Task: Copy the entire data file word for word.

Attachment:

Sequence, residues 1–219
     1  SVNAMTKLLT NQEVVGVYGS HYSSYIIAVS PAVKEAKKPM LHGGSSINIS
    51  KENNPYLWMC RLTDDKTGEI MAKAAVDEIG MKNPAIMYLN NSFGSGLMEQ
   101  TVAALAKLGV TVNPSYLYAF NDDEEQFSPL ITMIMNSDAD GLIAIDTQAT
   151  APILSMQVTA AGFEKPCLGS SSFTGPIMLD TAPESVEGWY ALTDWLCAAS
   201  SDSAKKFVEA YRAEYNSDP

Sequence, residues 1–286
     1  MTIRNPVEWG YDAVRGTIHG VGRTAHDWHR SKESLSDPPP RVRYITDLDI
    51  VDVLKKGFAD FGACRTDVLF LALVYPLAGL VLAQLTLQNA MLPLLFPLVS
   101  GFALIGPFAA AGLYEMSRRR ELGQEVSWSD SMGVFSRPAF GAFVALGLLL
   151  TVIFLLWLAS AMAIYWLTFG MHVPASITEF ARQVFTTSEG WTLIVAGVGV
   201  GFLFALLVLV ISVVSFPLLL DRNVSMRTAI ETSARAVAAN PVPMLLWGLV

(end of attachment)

Sequence, residues 1–219
     1  SVNAMTKLLT NQEVVGVYGS HYSSYIIAVS PAVKEAKKPM LHGGSSINIS
    51  KENNPYLWMC RLTDDKTGEI MAKAAVDEIG MKNPAIMYLN NSFGSGLMEQ
   101  TVAALAKLGV TVNPSYLYAF NDDEEQFSPL ITMIMNSDAD GLIAIDTQAT
   151  APILSMQVTA AGFEKPCLGS SSFTGPIMLD TAPESVEGWY ALTDWLCAAS
   201  SDSAKKFVEA YRAEYNSDP

Sequence, residues 1–286
     1  MTIRNPVEWG YDAVRGTIHG VGRTAHDWHR SKESLSDPPP RVRYITDLDI
    51  VDVLKKGFAD FGACRTDVLF LALVYPLAGL VLAQLTLQNA MLPLLFPLVS
   101  GFALIGPFAA AGLYEMSRRR ELGQEVSWSD SMGVFSRPAF GAFVALGLLL
   151  TVIFLLWLAS AMAIYWLTFG MHVPASITEF ARQVFTTSEG WTLIVAGVGV
   201  GFLFALLVLV ISVVSFPLLL DRNVSMRTAI ETSARAVAAN PVPMLLWGLV